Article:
Tithing not a necessary expense in computing installment payments to IRS

Howard Freidman, Religion Clause

In Thompson v. Commissioner, (USTC, March 4, 2013), the U.S. Tax Court faced the question of the extent to which a taxpayer entering an installment agreement for the payment of back taxes should be allowed to continue to tithe to the Mormon Church.  George Thompson, who was a volunteer shift coordinator and a stake scouting coordinator for the Church, sought a partial payment installment agreement with the IRS for the over $880,000 in taxes and penalties he owed. The IRS offered an agreement under which he would pay $8389 per month, computed by deducting from Thompson’s monthly income those items the IRS classified as “necessary expenses.” Thompson claimed that his $2110 per month tithing expenses to his Church should also be a necessary expense.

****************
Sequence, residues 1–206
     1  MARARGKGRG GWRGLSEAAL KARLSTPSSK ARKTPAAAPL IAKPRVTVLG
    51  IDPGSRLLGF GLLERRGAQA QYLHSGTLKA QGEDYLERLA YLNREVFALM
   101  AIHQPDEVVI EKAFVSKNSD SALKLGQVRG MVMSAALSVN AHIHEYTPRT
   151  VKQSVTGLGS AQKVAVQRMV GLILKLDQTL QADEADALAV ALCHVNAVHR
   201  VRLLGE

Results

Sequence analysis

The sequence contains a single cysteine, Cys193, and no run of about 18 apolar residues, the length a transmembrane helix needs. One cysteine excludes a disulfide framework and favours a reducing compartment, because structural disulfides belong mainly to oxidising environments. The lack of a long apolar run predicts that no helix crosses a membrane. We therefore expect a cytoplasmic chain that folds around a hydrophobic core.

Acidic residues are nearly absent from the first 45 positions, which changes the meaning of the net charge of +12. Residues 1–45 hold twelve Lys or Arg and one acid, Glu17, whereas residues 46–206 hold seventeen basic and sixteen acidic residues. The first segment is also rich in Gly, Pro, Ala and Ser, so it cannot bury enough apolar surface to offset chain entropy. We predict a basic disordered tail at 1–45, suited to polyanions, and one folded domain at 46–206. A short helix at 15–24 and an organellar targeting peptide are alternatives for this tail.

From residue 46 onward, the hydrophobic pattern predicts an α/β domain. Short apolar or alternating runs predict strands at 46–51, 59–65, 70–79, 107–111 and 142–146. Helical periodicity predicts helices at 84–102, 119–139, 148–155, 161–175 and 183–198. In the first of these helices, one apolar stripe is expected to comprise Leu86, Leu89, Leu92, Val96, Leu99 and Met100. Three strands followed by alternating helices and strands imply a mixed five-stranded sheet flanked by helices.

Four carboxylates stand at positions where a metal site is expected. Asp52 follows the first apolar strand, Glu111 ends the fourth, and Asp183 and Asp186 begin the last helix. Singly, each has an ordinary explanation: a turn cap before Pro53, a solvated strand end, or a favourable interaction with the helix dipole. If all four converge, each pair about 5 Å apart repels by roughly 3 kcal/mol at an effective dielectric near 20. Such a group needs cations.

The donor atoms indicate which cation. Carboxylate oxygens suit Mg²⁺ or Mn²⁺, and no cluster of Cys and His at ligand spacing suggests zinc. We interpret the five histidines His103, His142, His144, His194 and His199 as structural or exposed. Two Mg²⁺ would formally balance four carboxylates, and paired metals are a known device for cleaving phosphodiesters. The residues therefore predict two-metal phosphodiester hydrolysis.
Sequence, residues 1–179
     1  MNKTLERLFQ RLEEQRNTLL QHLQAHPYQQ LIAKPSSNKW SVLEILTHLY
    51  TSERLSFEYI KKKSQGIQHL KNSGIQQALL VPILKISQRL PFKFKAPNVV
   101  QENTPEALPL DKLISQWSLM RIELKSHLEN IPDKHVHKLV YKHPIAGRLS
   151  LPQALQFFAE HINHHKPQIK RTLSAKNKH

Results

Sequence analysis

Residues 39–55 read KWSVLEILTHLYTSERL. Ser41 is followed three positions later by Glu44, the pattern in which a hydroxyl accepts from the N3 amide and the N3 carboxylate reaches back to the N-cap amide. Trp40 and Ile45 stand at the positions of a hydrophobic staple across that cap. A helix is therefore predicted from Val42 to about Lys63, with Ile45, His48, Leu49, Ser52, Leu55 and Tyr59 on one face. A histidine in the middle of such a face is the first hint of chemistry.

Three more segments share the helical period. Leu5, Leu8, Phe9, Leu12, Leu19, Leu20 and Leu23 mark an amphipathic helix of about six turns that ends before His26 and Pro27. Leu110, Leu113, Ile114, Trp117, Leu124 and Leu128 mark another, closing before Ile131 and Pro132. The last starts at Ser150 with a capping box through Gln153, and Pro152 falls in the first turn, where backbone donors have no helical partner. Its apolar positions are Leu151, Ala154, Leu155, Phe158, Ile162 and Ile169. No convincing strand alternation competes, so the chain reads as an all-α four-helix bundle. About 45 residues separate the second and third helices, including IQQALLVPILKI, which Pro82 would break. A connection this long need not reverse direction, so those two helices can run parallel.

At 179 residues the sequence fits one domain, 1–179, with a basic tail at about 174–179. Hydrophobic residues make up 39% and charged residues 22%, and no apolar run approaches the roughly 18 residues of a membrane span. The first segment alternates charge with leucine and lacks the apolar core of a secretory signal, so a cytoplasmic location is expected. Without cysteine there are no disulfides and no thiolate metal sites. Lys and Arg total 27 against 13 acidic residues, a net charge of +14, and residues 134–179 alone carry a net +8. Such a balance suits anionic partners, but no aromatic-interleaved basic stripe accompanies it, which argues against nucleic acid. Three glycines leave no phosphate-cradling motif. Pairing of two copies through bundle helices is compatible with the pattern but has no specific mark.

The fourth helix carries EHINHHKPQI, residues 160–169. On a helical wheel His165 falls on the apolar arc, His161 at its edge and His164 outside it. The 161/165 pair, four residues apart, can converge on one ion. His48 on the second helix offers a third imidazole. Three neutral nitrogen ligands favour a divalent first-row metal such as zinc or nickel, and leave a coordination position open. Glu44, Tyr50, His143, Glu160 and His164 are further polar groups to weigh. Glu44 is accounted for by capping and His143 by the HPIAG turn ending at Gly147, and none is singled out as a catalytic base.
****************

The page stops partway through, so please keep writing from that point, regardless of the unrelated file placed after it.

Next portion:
The Internal Revenue Manual provides that “necessary expenses” include those that are a condition of employment. Thompson would be required to resign from his positions with the Church if he stopped tithing. The Tax Court concluded, however, that while required tithing by a minister who receives compensation would be a necessary expense, this does not apply to expenses connected with uncompensated activities. The Internal Revenue Manual also classifies payments for a taxpayer’s health and welfare as necessary ones. However the court said it was not an abuse of discretion to exclude payments relating to “spiritual health.” The Tax Court also rejected Thompson’s arguments under the free exercise clause and RFRA. TaxProf Blog reports on the decision.